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Historical building comes down as East Dundee’s prospects rise

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Updated: March 28, 2013 6:33AM



EAST DUNDEE — At 7 a.m. Tuesday, DeLoris Doederlein got the call from a friend that the yellow building across from the Anvil Club, part of the former Doederlein Lumber Co. complex, was set to be demolished.

“I came right over,” Doederlein said.

The demolition began at 7:30 a.m., and by 10:30 a.m. the building was in shambles on the ground.

Doederlein parked herself with friends and coffee at nearby Piece-A-Cake bakery to watch the process.

“I just sat here nice and warm,” she said with a laugh.

She also made conversation with people who stopped in at the bakery who were wondering what was going on.

The warehouse and property were donated by Doederlein to the village to make way for East Dundee’s downtown revitalization effort.

“It’s a new view,” Doederlein said. “Now we need some green grass and trees there.”

Jeff Noesen, of the Des Plaines-based Albrecht Enterprises, said the excavation company wanted to get the demolition done Tuesday before the predicted snowstorm hit.

The warehouse was built in the 1850s.

“It’s so old that every time I touched it I thought it was going to go,” Noesen said.

Instead, he was in for a surprise.

“That building was stubborn,” he said. “It didn’t want to come down.”

Noesen anticipated the remains would be hauled away and the area cleaned up by Wednesday.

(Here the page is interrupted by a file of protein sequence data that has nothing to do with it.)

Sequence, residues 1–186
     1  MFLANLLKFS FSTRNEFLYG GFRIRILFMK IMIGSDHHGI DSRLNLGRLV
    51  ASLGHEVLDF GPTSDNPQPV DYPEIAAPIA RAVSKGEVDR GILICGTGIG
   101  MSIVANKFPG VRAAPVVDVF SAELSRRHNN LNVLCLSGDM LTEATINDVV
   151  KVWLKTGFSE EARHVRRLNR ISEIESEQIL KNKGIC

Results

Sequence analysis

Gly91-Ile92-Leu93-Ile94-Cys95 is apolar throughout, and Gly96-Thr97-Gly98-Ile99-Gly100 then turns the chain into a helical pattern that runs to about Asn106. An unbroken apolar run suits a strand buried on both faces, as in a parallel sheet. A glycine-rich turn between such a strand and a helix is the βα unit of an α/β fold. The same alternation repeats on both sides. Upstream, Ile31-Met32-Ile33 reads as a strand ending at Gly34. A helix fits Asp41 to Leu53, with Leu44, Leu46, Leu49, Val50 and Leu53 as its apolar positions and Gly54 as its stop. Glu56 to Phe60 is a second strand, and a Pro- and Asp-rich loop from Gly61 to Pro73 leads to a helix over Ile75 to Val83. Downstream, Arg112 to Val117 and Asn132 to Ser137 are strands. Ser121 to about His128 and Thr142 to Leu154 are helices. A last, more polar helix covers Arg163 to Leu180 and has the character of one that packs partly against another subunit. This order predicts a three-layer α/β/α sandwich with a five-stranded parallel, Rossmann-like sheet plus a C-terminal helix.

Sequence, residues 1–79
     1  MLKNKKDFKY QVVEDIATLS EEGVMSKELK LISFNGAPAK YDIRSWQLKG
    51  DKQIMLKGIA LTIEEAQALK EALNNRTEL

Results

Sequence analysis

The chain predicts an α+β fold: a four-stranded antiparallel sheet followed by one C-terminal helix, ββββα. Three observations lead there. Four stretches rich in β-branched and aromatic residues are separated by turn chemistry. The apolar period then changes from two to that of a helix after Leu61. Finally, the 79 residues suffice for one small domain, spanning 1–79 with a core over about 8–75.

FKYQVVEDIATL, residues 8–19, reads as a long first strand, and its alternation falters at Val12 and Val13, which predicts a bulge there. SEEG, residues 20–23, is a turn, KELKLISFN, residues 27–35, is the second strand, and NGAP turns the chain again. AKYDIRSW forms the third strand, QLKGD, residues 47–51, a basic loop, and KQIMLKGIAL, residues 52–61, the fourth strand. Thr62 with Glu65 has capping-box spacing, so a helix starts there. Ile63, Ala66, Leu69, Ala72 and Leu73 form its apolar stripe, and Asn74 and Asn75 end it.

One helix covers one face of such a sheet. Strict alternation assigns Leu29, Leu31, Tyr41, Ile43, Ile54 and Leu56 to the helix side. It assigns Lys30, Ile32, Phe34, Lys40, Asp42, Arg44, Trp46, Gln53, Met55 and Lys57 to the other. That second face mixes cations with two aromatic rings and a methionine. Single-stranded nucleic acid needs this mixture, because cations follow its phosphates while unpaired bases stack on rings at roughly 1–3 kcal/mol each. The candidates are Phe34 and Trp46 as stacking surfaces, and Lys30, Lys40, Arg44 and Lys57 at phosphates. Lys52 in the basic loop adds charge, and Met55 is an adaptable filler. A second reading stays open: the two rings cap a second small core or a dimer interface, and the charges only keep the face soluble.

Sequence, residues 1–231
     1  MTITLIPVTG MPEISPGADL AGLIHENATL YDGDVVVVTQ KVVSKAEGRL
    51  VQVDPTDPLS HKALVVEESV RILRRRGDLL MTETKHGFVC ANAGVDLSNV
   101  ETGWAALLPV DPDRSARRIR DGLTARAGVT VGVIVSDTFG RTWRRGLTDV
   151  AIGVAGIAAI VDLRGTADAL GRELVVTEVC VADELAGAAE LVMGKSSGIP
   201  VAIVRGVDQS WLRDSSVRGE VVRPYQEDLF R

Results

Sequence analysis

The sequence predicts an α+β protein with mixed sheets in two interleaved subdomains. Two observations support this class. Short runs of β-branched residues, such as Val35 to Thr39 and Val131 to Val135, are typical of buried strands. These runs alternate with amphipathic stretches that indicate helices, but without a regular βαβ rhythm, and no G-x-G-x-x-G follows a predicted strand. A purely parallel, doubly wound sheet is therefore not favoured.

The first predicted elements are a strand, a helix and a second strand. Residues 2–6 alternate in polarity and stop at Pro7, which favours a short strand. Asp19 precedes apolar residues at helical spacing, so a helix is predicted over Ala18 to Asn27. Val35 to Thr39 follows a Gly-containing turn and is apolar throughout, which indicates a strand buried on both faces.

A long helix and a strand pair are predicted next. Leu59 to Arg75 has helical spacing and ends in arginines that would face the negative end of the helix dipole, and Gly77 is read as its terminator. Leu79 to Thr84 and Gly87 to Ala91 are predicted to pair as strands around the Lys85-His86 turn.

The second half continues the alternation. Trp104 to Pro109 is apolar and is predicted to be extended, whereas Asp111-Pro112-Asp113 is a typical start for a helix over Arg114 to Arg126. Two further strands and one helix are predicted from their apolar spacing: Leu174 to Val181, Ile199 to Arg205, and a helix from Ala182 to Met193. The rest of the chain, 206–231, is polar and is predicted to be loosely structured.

Trustee Lael Miller came to watch the demolition. He also grabbed a few pieces of the old building so the village could make a plaque.

“It’s sad to see it go, but it’s progress,” he said, “and it’s going to help kick off our revitalization effort.”

Doederlein is partnering with Tom Roeser, president of OTTO Engineering in neighboring Carpentersville, to help East Dundee officials move forward on plans to make the downtown a notable Fox Valley destination.

The focus will be on enhancing the Depot Plaza Square area, which includes concepts for public improvements as well as private development projects. Some proposed amenities for the area — which includes Barrington, Meier and River streets — are a children’s splash pad, removable ice rink, restaurant, retail and even an upscale apartment complex.

Lidia Reinhardt, owner of Expression’s Hair & Day Spa across from the demolished building, said she is excited about the village’s plans for the area.

“It’s going to improve all of our property values and bring more traffic into the downtown,” she said.

Reinhardt opened her business in East Dundee 14 years ago. Since then, she has seen businesses come and go.

But, she said, “things are better now. Businesses are coming in, and they’re staying.”

One client was getting her hair done Tuesday morning in a window seat at the salon.

“She got some great entertainment,” Reinhardt said with a laugh. “She was very impressed.”

Doederlein said too often East Dundee is lost in the shuffle.

With the revitalization plans, “we’re going to make a go,” she said.



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